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Ukraine: ÖBB provides booster trains from Vienna

Ukraine: ÖBB provides booster trains from Vienna

ÖBB provides a booster train for the journey to Germany.
© APA (avatar)

On Friday, OBB transported just over 4,000 IDPs from Ukraine in a total of 50 trains throughout the day. After the last train from Budapest to Munich in particular was often overcrowded upon its arrival at Vienna Central Station, ÖBB now provides a booster train.

From now on, Railjet will provide an additional 420 seats on the same platform if needed.

Difficult to get to Vienna due to overcrowding

So the train will depart shortly after EN462 at around 11:50 p.m. and arrive in Munich at around 5:20 a.m., the APA’s OBB office announced on Saturday. Until now, people in Vienna were often unable to board the overcrowded train for safety reasons.

Refugees from Ukraine mostly want to travel further distances

On Friday, about 200 people were allowed to sleep in the closed station, in the public waiting area, 50 in the night waiting room. OBB stressed the importance of these people staying so that they can continue their journey as quickly as possible in the morning. ÖBB also has an extra waiting area in the back, quieter part of the station, especially for mothers with children. The people there are taken care of by Caritas as usual. In addition, ÖBB offers tea all day long.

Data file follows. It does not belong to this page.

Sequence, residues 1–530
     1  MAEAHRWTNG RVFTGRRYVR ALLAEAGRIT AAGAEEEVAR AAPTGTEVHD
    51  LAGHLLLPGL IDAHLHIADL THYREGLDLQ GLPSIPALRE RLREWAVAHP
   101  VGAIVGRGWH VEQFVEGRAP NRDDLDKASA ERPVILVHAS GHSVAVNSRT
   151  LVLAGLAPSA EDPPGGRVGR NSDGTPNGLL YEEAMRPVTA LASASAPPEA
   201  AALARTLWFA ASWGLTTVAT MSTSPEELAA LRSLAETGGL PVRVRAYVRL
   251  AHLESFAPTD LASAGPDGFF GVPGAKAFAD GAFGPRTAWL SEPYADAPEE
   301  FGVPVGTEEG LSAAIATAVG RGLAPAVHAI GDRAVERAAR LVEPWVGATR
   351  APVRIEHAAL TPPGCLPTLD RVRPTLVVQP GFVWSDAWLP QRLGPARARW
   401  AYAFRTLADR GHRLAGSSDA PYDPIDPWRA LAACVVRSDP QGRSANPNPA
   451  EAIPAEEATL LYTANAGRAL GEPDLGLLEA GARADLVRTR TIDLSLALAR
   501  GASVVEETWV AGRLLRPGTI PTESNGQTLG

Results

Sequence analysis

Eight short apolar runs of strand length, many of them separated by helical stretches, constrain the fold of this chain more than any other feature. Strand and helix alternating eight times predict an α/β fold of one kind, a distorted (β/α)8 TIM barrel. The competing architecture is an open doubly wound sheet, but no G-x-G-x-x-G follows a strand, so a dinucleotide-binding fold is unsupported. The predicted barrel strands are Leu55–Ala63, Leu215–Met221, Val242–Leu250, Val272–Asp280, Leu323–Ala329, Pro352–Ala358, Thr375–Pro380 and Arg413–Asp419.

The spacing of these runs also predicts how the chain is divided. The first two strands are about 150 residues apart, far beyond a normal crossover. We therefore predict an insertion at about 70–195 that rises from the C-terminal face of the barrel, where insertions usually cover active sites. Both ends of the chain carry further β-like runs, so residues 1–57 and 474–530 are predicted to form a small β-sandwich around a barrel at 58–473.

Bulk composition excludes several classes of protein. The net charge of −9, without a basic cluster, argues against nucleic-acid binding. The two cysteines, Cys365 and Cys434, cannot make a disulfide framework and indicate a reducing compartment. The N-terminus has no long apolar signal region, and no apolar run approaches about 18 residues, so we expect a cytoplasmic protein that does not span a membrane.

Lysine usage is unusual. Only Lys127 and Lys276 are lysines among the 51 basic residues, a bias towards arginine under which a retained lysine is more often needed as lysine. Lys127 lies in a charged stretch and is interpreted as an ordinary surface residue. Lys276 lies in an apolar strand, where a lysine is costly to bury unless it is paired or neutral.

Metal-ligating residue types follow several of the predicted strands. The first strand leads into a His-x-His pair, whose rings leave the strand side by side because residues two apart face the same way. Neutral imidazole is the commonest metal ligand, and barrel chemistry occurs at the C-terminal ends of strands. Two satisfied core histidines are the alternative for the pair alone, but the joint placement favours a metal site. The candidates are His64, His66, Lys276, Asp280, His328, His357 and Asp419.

There is also a new online website at so that people displaced from Ukraine can get all the information they need: in Ukrainian, English and German you can find up-to-date information on tickets, travel options and food/accommodation in Vienna.

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By itself, it is currently possible to control the flow of people fleeing in normal traffic. In the late afternoon or evening, people receive information sheets in both Ukrainian and English, whether the trains will run the same evening or when the next trains start in the morning.

Driving through Austria is free for the homeless

The journey through Austria is free for the deportees, as the ÖBB office offers them their emergency ticket. This is currently used by about 1,000 people per day. Most people still come on trains from Hungary (Budapest), the Czech Republic (Prague), and Slovakia. The train from Przemysl in Poland arrives at 7:49 PM. It’s also very busy every day.

About 100 – 150 people stay at Vienna Central Station every night

Currently, 100-150 people spend the night at the main station, and in the “night waiting room” specially created by the ÖBB office, there are about 50 people who are taken care of by Caritas, the rest are in the public waiting area. Toilets are of course free to use, and there are also free cell phone charging options (travel center). If there is another need, ÖBB says it is ready to provide any kind of help. In continuous exchange with the Ministry of Transport and the neighboring authorities and railways, joint activities and measures can be initiated upon request.